On Thursday, Tony Blair made it official: In a speech to the nation, Britain's prime minister said he would step down after more than a decade in office. His last day will be June 27.
Now it's up to the Labour Party's National Executive Committee to find Blair's successor. The committee will meet as early as Sunday, when members will announce a timetable for potential candidates to compete for the leadership. The process is expected to take as long as seven weeks.
Until then, Blair will continue as head of the ruling Labour Party.
But many in the media feel that this election is an exercise in futility, because Blair's successor is widely expected to be Chancellor Gordon Brown.
According to them, the prime minister's early departure comes as a result of a previous agreement made with Brown when he willingly stepped aside to let Blair run for the Labour leadership in 1994. In exchange, Blair would hand over power to Brown at a future date.
Still others say that the decision to hand over the reins to the chancellor came in 2004, when Blair faced harsh opposition to the war in Iraq as well as doubts over his health after suffering heart problems. Facing increasing pressure from his constituents within the Labour Party, Blair finally agreed to step down by September 2007.
Assuming the succession proceeds as planned, the biggest question on everyone's mind will be: What will Gordon Brown be like as prime minister?
As finance minister, Brown has maintained a relatively transparent policy, pledging to keep public spending under control, and announcing tax breaks for corporations next year as well as increased spending on public education. His stance on the environment is equally clear, preferring incentives to taxes.
But when it comes to Brown as prime minister, his policies are less obvious.
"He's been very good about keeping his cards close to his chest," said Anthony Brown, director of Policy Exchange, a leading London-based think tank, and former chief political correspondent for The London Times.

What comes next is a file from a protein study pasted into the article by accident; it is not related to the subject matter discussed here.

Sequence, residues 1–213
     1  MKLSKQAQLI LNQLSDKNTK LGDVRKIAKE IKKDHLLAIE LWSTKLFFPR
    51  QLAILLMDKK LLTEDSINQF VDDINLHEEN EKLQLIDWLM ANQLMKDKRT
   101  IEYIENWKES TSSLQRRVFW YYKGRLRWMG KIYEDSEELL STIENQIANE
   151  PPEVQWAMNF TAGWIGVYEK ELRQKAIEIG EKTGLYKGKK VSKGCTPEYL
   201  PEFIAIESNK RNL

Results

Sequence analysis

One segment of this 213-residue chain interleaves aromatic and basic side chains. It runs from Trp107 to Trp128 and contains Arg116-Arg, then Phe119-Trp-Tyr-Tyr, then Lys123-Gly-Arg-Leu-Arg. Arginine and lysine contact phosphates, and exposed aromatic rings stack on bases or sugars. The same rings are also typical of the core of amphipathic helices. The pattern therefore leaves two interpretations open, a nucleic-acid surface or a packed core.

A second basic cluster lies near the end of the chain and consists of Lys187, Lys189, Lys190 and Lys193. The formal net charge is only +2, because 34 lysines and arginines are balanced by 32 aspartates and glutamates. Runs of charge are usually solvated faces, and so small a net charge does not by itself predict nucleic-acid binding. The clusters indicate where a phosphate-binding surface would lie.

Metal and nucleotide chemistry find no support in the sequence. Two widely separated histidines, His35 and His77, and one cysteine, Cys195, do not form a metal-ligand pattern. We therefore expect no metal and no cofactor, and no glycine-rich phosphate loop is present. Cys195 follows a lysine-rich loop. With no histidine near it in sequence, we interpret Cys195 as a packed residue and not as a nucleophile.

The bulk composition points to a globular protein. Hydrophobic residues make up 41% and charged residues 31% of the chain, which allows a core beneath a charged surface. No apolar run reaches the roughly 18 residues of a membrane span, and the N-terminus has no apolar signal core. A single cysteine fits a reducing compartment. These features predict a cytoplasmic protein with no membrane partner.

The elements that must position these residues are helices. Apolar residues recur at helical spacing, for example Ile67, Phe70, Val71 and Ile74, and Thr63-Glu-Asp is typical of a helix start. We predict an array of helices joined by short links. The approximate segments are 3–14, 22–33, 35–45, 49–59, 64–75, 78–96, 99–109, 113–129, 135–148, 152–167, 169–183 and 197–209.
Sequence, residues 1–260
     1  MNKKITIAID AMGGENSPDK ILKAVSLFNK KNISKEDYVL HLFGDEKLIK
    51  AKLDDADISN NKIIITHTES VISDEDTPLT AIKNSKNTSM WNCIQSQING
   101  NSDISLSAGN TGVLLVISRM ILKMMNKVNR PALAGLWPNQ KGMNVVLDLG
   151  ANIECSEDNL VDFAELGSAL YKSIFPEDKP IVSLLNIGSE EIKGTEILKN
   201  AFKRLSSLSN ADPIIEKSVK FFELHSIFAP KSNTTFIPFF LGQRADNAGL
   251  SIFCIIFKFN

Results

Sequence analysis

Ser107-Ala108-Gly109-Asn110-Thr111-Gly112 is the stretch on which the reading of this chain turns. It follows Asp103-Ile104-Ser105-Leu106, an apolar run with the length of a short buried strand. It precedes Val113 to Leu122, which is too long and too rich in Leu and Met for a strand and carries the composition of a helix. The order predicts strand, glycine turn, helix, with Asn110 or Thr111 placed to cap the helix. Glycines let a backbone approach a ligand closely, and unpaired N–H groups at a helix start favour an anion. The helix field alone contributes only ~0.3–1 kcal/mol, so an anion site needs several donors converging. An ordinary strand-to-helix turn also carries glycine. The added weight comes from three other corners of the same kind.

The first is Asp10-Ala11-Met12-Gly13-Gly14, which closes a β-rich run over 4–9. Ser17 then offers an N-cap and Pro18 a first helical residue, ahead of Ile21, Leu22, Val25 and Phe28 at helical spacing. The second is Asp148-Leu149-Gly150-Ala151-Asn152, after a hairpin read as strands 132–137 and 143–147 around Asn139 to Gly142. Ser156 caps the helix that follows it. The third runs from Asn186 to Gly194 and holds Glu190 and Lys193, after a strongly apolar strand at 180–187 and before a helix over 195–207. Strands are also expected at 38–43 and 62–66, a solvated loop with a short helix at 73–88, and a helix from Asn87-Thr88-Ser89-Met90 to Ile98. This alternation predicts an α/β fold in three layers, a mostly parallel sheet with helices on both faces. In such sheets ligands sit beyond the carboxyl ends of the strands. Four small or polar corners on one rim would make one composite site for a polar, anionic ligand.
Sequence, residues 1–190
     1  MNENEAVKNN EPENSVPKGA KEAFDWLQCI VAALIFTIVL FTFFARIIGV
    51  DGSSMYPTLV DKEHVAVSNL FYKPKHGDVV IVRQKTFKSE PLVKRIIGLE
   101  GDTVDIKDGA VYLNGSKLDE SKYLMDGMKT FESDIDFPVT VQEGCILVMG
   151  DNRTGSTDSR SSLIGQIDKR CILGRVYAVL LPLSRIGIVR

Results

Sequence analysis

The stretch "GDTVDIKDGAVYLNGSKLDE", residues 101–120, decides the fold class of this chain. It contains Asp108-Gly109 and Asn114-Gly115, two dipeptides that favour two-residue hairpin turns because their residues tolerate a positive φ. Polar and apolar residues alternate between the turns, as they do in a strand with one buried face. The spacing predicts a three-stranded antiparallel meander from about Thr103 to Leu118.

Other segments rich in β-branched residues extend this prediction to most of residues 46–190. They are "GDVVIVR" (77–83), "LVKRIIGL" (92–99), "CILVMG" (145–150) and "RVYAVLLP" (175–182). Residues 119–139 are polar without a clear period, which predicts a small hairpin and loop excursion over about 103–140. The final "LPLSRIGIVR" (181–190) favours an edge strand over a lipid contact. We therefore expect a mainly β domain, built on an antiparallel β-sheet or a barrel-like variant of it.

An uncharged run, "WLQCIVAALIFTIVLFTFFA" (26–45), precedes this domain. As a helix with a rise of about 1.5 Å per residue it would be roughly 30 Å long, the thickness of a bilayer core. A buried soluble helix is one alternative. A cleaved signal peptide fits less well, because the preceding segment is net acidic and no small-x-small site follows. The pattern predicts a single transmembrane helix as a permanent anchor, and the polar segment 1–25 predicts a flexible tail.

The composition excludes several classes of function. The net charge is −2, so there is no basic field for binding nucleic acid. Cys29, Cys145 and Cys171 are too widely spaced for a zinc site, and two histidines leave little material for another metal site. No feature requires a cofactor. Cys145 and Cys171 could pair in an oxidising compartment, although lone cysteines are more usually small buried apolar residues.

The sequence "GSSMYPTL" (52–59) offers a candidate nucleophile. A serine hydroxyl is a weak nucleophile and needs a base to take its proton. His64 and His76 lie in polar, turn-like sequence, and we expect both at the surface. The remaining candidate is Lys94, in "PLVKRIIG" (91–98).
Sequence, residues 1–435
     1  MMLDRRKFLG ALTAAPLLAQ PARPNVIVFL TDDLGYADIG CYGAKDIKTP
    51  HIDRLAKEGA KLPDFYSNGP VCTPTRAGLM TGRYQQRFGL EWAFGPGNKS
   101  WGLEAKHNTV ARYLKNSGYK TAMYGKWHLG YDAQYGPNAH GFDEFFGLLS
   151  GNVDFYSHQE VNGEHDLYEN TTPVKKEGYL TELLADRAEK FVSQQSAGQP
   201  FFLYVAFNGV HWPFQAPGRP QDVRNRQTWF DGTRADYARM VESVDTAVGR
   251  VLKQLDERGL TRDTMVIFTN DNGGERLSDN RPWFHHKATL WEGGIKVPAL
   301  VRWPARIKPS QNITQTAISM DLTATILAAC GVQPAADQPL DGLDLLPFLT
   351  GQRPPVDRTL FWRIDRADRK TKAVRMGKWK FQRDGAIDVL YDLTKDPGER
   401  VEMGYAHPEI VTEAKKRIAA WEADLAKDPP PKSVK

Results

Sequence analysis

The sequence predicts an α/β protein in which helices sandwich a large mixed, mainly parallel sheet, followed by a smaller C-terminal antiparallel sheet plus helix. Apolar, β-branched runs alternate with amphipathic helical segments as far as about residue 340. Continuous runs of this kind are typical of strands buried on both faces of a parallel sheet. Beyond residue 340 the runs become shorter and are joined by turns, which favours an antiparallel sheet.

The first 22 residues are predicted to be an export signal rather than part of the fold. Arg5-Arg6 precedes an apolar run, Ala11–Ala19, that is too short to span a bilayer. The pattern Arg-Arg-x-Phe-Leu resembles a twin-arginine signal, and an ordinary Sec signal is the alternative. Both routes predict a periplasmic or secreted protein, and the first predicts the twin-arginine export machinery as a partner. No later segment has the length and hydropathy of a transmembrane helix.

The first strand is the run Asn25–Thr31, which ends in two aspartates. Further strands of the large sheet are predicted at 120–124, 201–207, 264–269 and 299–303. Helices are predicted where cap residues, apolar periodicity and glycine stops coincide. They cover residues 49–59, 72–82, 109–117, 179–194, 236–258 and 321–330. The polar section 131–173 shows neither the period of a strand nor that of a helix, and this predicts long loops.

He added that the chancellor had played a very clever game by keeping so quiet and maintaining what he called an almost "monklike" silence.
He said the chancellor had always been a big fan of the United States, admiring both the country's entrepreneurial spirit as well as the American work ethic.
"He really likes that about the U.S. and has tried repeatedly to import those aspects of U.S. culture here into the U.K.," Brown said.
Brown pointed out, though, that the chancellor was unlikely to maintain as close a personal relationship with President Bush as his predecessor had.
"He will say all the right things, but there won't be the same passion behind Gordon Brown's words as the previous administration," Brown said. "He will just be going through the motions."
Although the chancellor's relationship with Blair has at times been rocky, Brown is not expected to face opposition for the prime minister's post from within the party, having rallied strong support from the majority of Labour's members of Parliament.
Despite other contenders for the job, most political analysts agree that Brown will most likely be the only candidate to gain the backing of 44 other Labour Parliament members -- the minimum requirement for anyone looking to run for Labour leader.